Yellow Fever Vaccination Miami
What You Need to Know:
Yellow Fever is a serious disease caused by the Yellow Fever Virus. It is spread through the bite of an infected mosquito and cannot be spread directly from person to person. It is found in certain parts of Africa and South America.
Yellow Fever can cause
- fever and flu-like illness
- jaundice (yellow skin or eyes)
- liver, kidney, respiratory and other organ system failure
- vomiting blood
People with Yellow Fever Disease usually have to be hospitalized.
How can I prevent Yellow Fever?
Yellow Fever Vaccine can prevent Yellow Fever. The Yellow Fever Vaccination is available in our Miami office.
After receiving the Yellow Fever Vaccine, you should receive a International Certificate of Vaccination (yellow card) that has been validated by the vaccination center. The certificate becomes valid in 10 days after vaccination and lasts for 10 years.
Be certain to consult the CDC's website to learn the travel requirements for different countries and discuss your travel itinerary with the nurse, physician assistant or doctor prior to receiving the vaccine.
Other Ways to Prevent Yellow Fever Infection:
- wear effective mosquito repellent on skin and clothing
- remain in well screened areas
- wear clothes that cover most of the body
Who Should Receive the Yellow Fever Vaccine?
- persons 9 months of age or older traveling to or living in a country requiring
Yellow Fever vaccination for certain travelers
- persons 9 months of age or older traveling to or living in a country not requiring
but is located in an area where the risk of Yellow Fever is known to exist.
- if you continue to live or travel in Yellow Fever - endemic areas, you should
receive a booster dose of Yellow Fever vaccine after 10 years.
Who Should NOT Receive the Yellow Fever vaccination?
- people allergic to eggs, chicken, gelatin or to a previous Yellow Fever vaccine
- infants younger than 9 months of age
- pregnant woman and those that are breast feeding should avoid or postpone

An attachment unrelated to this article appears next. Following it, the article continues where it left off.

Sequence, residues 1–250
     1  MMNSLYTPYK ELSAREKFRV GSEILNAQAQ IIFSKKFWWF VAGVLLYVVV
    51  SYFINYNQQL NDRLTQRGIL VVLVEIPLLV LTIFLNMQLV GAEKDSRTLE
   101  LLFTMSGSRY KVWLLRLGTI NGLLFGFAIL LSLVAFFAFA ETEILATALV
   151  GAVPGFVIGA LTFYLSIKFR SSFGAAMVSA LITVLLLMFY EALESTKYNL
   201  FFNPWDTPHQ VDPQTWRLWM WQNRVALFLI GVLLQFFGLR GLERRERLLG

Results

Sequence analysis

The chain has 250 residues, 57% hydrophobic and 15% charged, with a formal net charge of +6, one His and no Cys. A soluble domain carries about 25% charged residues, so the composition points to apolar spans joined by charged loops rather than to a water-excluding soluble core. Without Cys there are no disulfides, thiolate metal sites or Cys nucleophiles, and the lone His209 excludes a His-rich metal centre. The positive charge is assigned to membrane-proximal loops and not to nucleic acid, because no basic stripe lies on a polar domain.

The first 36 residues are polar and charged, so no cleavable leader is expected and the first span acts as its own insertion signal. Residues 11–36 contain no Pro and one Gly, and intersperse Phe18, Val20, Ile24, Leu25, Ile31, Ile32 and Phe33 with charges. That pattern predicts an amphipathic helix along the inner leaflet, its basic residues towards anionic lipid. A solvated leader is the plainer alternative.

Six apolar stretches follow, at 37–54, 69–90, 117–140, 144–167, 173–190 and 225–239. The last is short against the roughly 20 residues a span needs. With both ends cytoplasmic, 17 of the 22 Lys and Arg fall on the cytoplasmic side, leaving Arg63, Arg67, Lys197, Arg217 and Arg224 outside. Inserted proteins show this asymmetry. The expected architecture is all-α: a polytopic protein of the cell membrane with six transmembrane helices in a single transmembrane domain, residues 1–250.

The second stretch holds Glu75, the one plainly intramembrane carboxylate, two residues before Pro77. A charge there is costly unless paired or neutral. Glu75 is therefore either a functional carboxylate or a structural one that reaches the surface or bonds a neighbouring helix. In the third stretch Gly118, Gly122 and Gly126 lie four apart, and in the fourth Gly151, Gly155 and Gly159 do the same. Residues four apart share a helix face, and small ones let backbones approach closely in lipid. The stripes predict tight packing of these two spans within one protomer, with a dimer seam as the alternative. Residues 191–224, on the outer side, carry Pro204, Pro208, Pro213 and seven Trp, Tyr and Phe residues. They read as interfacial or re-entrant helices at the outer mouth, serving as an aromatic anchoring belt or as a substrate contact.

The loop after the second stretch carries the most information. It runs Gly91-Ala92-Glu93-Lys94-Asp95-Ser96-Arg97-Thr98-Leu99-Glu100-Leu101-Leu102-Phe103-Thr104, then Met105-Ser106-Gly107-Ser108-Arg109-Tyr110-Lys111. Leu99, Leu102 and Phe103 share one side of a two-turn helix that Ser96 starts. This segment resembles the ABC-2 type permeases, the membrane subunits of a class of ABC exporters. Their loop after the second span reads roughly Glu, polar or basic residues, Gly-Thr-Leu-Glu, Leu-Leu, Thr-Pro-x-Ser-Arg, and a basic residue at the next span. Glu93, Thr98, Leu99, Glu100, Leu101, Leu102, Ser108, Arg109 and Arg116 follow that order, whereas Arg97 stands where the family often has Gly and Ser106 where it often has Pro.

travel to a Yellow Fever area. If travel is unavoidable discuss vaccination with
your obstetrician, pediatrician and travel doctor.
Check With Your Doctor Before Receiving Yellow Fever Vaccination and Notify the
- you are allergic to eggs, gelatin or chicken
- you have HIV, AIDS or any other disease that effects your immune system
- you have been under treatment for 2 weeks or more with drugs that effect
your immune system such as steroids.
- you have any kind of cancer
- you are taking cancer treatment with xrays or any kinds of drugs
- your thymus gland has been removed, or you have a history of problems with
your thymus, such as Myasthenia Gravis, DeGeorge syndrome or thymoma
- if you are 65 years of age or older, discuss with your doctor the risks and
benefits of vaccination in the context of your risk for exposure to Yellow Fever
virus based upon your travel destination
If you are unable to receive the Yellow Fever Vaccination for a medical reason and proof of vaccination is required for your travel, the doctor can give you a waiver letter. When planning to use a waiver letter, you should also obtain specific advice from the embassy of the country or countries you plan to visit.
What Are the Risks fro Yellow Fever Vaccine?
Any vaccine, like all other medications can cause severe allergic reactions. The risk of a vaccine causing serious harm or death is extremely small.
Mild Problems From Yellow Fever Vaccine Include:
- soreness, redness or swelling at the injection site
If these problems occur they usually occur soon after the vaccine and last 5-10 days. In studies they occurred in as many as 25% of those who received the vaccine.
Severe Problems From Yellow Fever Vaccine Include:
- life threatening, allergic reaction (1 per every 131,000 doses)
- severe nervous system reactions (1 per every 150,000 - 250,000 doses)
- life threatening severe illness with major organ system failure
(1 per every 200,000 - 300,000 doses or 1 per every 40,000 to 50,000 doses
60 years of age or older). More than half of the people that suffer these side
What If There Is a Moderate or Severe Reaction?
- Look for any unusual condition such as high fever, behavior changes or
flu-like symptoms that occur 1 to 30 days after the vaccination. Signs of
an allergic reaction can include difficulty breathing , hoarseness or wheezing,
hives, paleness or weakness, a fast heartbeat, or dizziness within a few
minutes to a few hours after the injection.
What Should I do?
- Call a doctor or get the person to a doctor right away
- Tell your doctor what happened, the date and time it happened, and when
the vaccination was given
- Ask the clinic that administered the vaccine to save any left over vaccine,
and the vaccine vial and to record the lot number
- Ask your doctor to report the reaction by completing an adverse event form
*Information Obtained From the Center For Disease Control Website